Multidisciplinary experts assess effects of osteoporosis drugs on fracture healing

Multidisciplinary experts assess effects of osteoporosis drugs on fracture healing

In people with osteoporosis, one fracture often leads to more fractures, and potentially a future of pain, disability, and poor quality of life. While studies have shown that such high-risk patients benefit from appropriate medication to reduce future fracture risk, more research is needed on the effect of osteoporosis medications on fracture healing. [More]
Allergen chip helps early detection of allergies

Allergen chip helps early detection of allergies

People can become allergically sensitized straight from birth. "Early screening is therefore important to detect allergies early so that steps can be taken to prevent serious forms of illness developing," say the MedUni Vienna allergy researchers, speaking on the occasion of World Immunology Day on 29 April and the current WHO World Immunization Week. [More]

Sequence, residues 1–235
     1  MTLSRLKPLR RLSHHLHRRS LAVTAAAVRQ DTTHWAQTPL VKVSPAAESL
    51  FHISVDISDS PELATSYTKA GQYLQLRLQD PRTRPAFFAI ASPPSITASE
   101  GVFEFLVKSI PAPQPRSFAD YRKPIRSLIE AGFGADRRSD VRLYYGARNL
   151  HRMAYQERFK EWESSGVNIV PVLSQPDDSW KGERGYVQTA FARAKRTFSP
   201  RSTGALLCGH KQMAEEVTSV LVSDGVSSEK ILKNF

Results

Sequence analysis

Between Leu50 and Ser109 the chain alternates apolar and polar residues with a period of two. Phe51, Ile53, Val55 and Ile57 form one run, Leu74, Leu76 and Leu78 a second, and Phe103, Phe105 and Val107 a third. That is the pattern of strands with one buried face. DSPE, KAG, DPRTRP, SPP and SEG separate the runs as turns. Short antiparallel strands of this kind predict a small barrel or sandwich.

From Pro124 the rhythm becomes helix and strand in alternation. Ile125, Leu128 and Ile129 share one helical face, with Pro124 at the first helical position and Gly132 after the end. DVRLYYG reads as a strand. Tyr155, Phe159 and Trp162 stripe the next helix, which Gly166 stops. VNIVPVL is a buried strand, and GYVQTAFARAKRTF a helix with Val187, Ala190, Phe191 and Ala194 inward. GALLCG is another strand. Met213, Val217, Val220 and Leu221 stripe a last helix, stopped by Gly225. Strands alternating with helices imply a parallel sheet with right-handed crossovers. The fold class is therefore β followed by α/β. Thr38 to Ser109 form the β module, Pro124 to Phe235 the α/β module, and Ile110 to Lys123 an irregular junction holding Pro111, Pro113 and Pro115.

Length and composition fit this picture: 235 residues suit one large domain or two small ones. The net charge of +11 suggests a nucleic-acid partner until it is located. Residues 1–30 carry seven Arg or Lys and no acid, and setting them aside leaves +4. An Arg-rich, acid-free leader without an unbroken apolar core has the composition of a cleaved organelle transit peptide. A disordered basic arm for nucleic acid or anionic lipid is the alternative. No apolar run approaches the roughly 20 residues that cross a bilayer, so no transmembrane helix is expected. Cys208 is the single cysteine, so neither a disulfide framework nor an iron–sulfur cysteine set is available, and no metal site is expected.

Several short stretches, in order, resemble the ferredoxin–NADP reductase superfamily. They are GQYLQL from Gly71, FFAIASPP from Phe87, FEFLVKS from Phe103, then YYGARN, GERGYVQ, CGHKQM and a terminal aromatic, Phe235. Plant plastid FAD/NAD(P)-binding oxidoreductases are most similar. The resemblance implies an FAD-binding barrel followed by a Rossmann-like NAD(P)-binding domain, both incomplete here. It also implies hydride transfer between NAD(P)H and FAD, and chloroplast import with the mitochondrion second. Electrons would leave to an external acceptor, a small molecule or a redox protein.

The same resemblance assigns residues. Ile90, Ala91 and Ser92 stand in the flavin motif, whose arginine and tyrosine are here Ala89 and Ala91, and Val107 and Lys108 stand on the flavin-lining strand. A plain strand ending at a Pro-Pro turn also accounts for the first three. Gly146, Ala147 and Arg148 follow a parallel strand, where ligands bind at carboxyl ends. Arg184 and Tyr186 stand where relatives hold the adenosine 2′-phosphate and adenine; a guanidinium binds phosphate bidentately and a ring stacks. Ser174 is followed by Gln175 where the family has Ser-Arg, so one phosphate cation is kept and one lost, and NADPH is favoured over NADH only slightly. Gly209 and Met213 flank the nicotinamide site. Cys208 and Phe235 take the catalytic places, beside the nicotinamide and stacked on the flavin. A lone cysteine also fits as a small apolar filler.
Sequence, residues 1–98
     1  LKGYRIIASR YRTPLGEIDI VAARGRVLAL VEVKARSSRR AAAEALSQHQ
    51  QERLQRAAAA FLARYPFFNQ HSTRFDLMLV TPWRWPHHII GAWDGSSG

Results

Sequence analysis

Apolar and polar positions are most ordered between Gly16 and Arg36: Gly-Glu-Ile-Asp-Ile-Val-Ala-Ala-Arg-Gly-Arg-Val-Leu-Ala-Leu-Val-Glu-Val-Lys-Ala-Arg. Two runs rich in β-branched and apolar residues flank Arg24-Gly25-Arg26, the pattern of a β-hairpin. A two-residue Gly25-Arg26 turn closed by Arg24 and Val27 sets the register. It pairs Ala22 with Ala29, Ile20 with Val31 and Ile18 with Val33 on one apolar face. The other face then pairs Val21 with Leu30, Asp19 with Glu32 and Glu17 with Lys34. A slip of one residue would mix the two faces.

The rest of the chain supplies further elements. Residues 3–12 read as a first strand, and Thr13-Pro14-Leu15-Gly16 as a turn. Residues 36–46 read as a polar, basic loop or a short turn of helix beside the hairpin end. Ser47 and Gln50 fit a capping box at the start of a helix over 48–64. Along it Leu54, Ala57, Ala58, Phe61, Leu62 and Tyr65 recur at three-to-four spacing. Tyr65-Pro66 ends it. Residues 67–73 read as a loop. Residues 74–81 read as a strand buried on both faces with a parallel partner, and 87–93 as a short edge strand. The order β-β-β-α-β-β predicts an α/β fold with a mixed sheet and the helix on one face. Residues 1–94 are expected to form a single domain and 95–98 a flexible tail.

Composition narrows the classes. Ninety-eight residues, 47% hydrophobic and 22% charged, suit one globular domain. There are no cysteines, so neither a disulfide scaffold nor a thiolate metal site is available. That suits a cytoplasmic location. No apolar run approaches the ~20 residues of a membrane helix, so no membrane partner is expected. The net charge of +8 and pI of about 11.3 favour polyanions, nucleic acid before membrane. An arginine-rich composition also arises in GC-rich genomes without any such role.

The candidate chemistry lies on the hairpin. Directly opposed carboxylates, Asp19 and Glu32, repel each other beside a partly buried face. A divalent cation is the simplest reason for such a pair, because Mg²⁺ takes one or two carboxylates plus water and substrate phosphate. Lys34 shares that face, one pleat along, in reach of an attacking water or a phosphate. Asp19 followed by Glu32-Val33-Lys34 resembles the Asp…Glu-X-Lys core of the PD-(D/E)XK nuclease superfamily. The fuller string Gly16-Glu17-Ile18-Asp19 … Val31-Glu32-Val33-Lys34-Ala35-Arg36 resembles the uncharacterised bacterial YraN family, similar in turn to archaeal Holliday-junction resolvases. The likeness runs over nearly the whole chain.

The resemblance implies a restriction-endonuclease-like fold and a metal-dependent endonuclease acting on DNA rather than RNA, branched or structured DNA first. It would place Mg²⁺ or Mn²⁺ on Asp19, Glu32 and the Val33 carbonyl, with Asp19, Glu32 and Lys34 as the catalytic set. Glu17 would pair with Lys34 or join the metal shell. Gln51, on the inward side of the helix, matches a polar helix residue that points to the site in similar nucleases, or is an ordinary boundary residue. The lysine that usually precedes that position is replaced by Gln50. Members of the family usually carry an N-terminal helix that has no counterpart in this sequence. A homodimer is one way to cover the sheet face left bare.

Newly published manuscripts enhance understanding of the immune system

Newly published manuscripts enhance understanding of the immune system

MedImmune, the global biologics research and development arm of AstraZeneca, today announced that it has achieved a significant scientific milestone by publishing three manuscripts in Nature Immunology that advance the understanding of the immune system and highlight underlying mechanisms in two little-understood disease areas -- chronic obstructive pulmonary disease (COPD) and systemic lupus erythematosus (SLE). [More]
Immunology experts aim to develop point-of-care test for early detection of Lyme disease

Immunology experts aim to develop point-of-care test for early detection of Lyme disease

As part of the EU "ID Lyme" project, the infection immunology working group at the Institute for Hygiene and Applied Immunology at the Center for Pathophysiology, Infectiology and Immunology at the Medical University of Vienna is working on developing of a new test for early detection of Lyme disease (borreliosis). [More]
Hot packs or hot-water immersion may be effective in treating jellyfish stings

Hot packs or hot-water immersion may be effective in treating jellyfish stings